Spring is here! Around here the cherry blossoms are in full bloom the Tulips and Irises are starting to emerge and the humming birds are loudly calling from the tree tops, all sure signs that spring is finally here. One of my favorite early signs of spring is the fresh Stinging Nettle that is ready for harvest.

Here is my recipe for Stinging Nettle Potato Biscuits. Keep reading below for more tips for the recipe, as well as how to blanch Stinging Nettle.

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Stinging nettle grows from early spring to late summer. However, it’s only in early spring that it’s tender enough to be eaten. When the plant is still young, only a foot or so tall you can harvest the first few leaves from the top. They can be added to anything that you might add spinach to. They just need to be washed and blanched or steamed gently first.

Anyone searching the internet for stinging nettle recipes is probably already aware of the benefits of stinging nettle. Not only is it chock full of readily absorbed vitamins but it also helps with inflammation, blood sugar levels, circulation and so much more. Even the sting of the stinging nettle is used topically by some to treat chronic pain.

For our purposes here though it’s a wild growing, abundant and tasty food source.

Where to get Stinging Nettle

Stinging nettle can be grown from seed, foraged or sometimes even bought from the farmers market. I’d love to grow it but with tiny babies running around I’ve decided now is not the time. For now we get it mainly from the farmers market with some foraging when we come across it.




I like to cook in season, growing, foraging and shopping at farmer’s markets facilitates this. While I am grateful to have grocery store stocked with whatever foods we want year round, I take great satisfaction in foods that really speak to the seasons. Nettles are one of those truly seasonal foods. They taste like spring, green, fresh, earthy and good for the soul.

How to Blanch Stinging Nettle

When using stinging nettle start by rinsing it in a bowl of warm water for about 10 minutes. This will take away most of the sting. Then, transfer it to a pot of boiling water for 5 minutes. While it’s boiling prepare a bowl of cold water and ice. When the time is up move the nettles into the bowl to quickly bring the temperature down. This will stop it from cooking any further.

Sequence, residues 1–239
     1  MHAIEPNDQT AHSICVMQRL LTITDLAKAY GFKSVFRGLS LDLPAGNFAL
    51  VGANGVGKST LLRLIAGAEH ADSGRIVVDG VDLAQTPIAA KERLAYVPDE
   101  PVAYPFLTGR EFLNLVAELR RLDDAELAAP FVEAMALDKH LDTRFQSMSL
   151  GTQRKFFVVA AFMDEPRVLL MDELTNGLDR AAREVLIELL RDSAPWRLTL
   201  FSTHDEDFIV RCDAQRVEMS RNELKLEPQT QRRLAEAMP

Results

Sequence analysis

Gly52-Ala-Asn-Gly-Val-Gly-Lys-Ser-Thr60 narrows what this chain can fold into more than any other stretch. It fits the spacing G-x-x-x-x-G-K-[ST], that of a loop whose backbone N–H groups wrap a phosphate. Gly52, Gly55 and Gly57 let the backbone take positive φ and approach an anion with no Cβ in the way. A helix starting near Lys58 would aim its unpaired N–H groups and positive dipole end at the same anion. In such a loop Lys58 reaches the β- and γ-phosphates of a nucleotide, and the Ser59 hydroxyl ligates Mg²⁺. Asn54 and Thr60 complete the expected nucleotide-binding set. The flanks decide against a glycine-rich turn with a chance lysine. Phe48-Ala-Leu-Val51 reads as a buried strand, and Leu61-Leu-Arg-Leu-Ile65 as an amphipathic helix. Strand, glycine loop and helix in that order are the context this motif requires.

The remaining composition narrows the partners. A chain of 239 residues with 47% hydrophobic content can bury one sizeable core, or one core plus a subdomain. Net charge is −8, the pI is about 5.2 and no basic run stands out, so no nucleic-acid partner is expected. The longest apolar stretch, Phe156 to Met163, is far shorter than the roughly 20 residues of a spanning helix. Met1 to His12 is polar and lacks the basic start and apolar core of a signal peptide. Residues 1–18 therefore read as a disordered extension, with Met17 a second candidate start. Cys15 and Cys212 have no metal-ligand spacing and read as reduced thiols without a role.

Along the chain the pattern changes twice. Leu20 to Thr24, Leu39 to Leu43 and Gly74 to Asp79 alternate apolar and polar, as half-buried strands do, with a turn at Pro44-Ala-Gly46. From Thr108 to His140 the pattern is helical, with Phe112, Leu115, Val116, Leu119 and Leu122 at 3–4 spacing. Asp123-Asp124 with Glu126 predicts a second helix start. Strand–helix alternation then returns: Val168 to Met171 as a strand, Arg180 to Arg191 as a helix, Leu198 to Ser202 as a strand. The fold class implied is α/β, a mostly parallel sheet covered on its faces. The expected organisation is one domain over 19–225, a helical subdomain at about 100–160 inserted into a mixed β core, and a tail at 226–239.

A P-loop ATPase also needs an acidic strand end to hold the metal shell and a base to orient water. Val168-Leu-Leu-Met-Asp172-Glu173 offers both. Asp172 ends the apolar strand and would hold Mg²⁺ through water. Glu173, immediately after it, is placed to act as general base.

I blanch them in the little bunches that I’ve picked them in then remove the stems after they are cooled.




Notes on how to make stinging nettle potato biscuits

This recipe used approximately 1/2 cup of blanched and gently squeezed out nettles. The number is approximate because it can be hard to judge how much you’ll need when it’s fresh. A little bit over or under isn’t a big deal; as long as most of the liquid is being squeezed out it won’t make a huge difference. Dice up the Stinging Nettle in whatever size you like, for the sake of the kids I dice ours up fairly small.

The consistency of the dough should be fairly bread like but a little bit sticky, just enough that it can be gently kneaded without sticking to everything but still a bit tacky to the touch.

It can be split into ball and rolled out for small flat breads. I cut the ball of dough into 1/8th and gently pressed them flatter. I like to bake in cast iron and doing it this way meant I could bake the whole batch in one cast iron pan rather than multiple. Although I think the look of the round ones is cute too.



These are so good fresh, warm with a bit of butter and salt, or even with a soft farmers cheese. They are great with any melted cheese as well. Next we are going to try fresh goat feta once it comes into season.

stinging nettle potato biscuits on a wooden plate with stinging nettle beside it

Stinging Nettle Potato Biscuits

Prep Time 50 minutes
Cook Time 20 minutes
Course Appetizer
Servings 8 biscuits


  • 1 1/3 cup potatoes mashed
  • 1 Large egg
  • 1/2 cup Stinging Nettle blanched
  • 3 tbsp unsalted butter melted
  • 1 tsp salt
  • 2 cups all-purpose flour
  • 1 1/2 tsp baking powder
  • pinch black pepper
  • pinch thyme
  • sprinkle cornmeal for baking


  • Peel,dice and boil potatoes, when tender drain and mash, do not blend, some small lumps is ok. Potatoes can be done ahead of time and used cold or used fresh and warm.
  • Preheat oven to 425 deg F
  • Dice blanched Stinging Nettle
  • Ina large bowl mix mashed potatoes, Stinging Nettles, egg, seasoning and butter until combined.
  • Sift in flour, salt and baking powder and stir. Mixture will appear very dry at first.
  • Knead the mixture until its one coherent mass, should be slightly sticky but still workable
  • Form dough into a ball and cut into 1/8ths gently press each piece flat
  • Sprinkle cornmeal on pan and place the biscuits, poke each with a fork a couple times.Bake for 15 to 20 minutes until golden brown.
  • optional* sprinkle salt or other seasoning on top prior to baking
Keyword bread, stinging nettle

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